Normally, we go through our lives knowing important dates, without giving them much thought. There are those of us, however, who find out later in life a startling date that gives one pause. I had just such an instance recently while talking to my dad's only surviving sister, Jane. Aunt Jane's memory is remarkable for a woman who is going on 86. She gave birth to 16 children, 4 of whom died as infants or toddlers, but who lived long enough to break her heart. She also had three miscarriages, that she is aware of. She said there might be more, but she was pretty busy just trying to keep up with 12 children who did live - and get this - three of them still live with her, one of them with several children and grandchildren of her own. I also suspect she was busy hiding from her husband, Andrew.
We have an interesting relationship, she and I. Those children of hers are my double cousins. We share the exact same bloodline. DNA experts would go crazy. She is my dad's younger sister and was married to my mother's older brother. Just for the record, my father had 8 brothers and sisters, and 3 half brothers; my mother had 10 brothers and sisters and one half brother; my step-mother had 12 brothers and sisters, and my wife has nine brothers and sisters. I have more relatives than a Utah polygamist. And I was raised as an only child. Go figure.
While I was talking to my Aunt Jane - it was her birthday and I know she doesn't have many left, so I wanted to be sure to wish her well - she gave me the date I had never known. She has a remarkable talent for remembering birthdays, and knows the birthdays of all her siblings, and their children. No small feat, since there are over one hundred of them - children, that is. She could even tell me the birthday of my children. Anyway, I asked her if she knew the birthday of my mother and she said yes, and told me what it was.
Just to confuse you even further, the week after my mother and father got married, my father's father, a divorced man, married my mother's mother, a widow. Yep, I'm my own cousin. (My parents are step-brother and sister - my dad's step-sister's child is my step cousin, me.)
I never knew my mother's birthday because she died when I was 15 months old. She died a week before her second son died, from complications of Toxemia. Eclampsia, if you will. They didn't know much about it in those days, and she couldn't pull through it; neither did my brother, Richard. My father remarried about 15 months or so after her death, to a woman he had known for only two weeks and stayed married until she died in 1991. Her name was Pearl, but everyone called her Peggie, because her mother was named Pearl. She had 11 brothers and sisters. Like I said, I got relatives coming out of the woodwork.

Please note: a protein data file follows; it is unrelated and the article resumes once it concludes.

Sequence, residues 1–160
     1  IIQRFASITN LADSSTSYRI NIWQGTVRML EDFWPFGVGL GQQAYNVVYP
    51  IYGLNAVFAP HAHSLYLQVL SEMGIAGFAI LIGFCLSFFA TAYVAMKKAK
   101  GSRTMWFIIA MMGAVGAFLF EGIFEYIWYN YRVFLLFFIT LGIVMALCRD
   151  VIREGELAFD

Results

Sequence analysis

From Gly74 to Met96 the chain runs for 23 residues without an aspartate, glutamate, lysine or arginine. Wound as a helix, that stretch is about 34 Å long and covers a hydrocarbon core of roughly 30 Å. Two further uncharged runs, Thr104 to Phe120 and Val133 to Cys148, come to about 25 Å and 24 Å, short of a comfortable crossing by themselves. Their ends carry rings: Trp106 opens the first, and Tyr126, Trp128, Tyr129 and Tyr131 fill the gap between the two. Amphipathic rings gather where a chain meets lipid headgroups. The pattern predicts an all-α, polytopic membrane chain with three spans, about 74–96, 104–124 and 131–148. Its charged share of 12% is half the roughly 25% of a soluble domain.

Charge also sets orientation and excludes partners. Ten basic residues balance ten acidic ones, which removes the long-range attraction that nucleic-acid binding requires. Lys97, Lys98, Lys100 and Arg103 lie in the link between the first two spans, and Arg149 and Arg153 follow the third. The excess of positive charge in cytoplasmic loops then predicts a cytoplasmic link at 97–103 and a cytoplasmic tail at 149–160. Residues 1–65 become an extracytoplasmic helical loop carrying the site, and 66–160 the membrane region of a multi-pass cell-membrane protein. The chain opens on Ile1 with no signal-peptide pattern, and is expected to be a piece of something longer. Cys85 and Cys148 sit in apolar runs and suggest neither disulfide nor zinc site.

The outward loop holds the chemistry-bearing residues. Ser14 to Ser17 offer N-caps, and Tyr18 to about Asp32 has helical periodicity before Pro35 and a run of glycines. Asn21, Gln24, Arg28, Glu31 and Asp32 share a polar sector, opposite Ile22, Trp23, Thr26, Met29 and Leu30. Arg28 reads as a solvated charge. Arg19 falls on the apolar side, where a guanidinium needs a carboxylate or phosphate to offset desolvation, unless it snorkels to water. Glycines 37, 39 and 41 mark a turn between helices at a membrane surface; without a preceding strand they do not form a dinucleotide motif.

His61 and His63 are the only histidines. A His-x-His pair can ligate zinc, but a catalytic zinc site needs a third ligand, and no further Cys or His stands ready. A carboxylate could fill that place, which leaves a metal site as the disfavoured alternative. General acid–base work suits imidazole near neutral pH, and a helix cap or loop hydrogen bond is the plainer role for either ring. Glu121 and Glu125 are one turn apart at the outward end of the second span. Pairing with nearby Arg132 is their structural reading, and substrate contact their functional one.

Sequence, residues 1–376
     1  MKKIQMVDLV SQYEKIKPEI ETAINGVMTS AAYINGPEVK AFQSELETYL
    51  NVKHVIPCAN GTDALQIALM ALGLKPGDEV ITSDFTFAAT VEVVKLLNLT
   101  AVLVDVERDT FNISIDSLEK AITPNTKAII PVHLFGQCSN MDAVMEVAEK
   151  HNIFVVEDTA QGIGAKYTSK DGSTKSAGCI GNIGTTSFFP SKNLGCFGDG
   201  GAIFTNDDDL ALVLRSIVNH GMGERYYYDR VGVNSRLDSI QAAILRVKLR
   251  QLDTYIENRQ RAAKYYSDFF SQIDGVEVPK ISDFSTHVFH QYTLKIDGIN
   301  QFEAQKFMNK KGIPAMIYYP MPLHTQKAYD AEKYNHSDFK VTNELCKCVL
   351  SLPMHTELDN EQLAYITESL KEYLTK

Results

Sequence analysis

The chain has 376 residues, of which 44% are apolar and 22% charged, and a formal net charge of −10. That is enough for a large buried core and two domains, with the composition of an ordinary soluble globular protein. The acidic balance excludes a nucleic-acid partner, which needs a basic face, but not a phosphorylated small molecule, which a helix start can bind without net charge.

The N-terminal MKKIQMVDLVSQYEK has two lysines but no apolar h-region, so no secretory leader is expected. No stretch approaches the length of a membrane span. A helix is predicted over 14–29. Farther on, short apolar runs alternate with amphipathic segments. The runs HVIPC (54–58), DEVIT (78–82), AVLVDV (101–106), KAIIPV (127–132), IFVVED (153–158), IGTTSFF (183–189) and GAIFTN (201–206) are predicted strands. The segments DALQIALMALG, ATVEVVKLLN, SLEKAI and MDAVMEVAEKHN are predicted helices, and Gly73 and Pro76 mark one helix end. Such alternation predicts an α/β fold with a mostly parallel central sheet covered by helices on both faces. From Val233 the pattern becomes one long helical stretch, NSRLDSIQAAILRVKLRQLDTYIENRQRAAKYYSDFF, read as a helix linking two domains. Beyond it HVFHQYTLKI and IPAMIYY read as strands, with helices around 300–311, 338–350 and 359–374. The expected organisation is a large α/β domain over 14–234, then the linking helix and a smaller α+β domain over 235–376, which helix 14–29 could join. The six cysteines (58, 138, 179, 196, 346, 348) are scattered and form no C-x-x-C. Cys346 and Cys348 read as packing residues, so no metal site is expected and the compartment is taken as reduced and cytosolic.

My dad NEVER mentioned my mother, and when we would visit relatives, woe be unto the one who mentioned my mother in either my or Peggie's presence. That all changed when I got older, as my step-mother estranged herself from many of my dad's brothers and sisters, so they would "fill" me in on what my "real" mother was like. I grew up knowing about my mother, but nothing about her life at all. And then, last month or so, my Aunt Jane dropped the bomb. My mother's birthday is October 17th, 1927. She was married in September of 1941; gave birth to me in June, 1942; gave birth to my brother in September, 1943 and died a few days later. Here, I've done the math for you. Married at 13 years, 11 months, first child 14 years 8 months (yeah, I was full term), second child, 15 years 10 months; and took her last breath before her 16th birthday.
They did things differently in those days. Today, I doubt if it's legal anywhere in the US, well, maybe Utah, but that's a whole different can of worms. Interestingly enough, when my father had his stroke and his memory was fading, he couldn't remember my name or who I was, for the most part. I asked him one day if he had any children and he said, "Yes, a son who's name I can't remember and a son named Richard Marlin." I then asked him how many times he was married and he got angry and said loudly, "I only had one wife, Lula Marie, the love of my life." And that was the end of that conversation. I asked him once while he was in his 80's if he remembered her face. He nodded and said he could see it as if she was sitting across from him. I then told him, "You know, you'll always remember her as young and beautiful. Isn't that a good thought?" He looked startled when he thought about it and said, "I never thought of it that way. Thank you, son." That's something I got to set straight for my dad. Nice.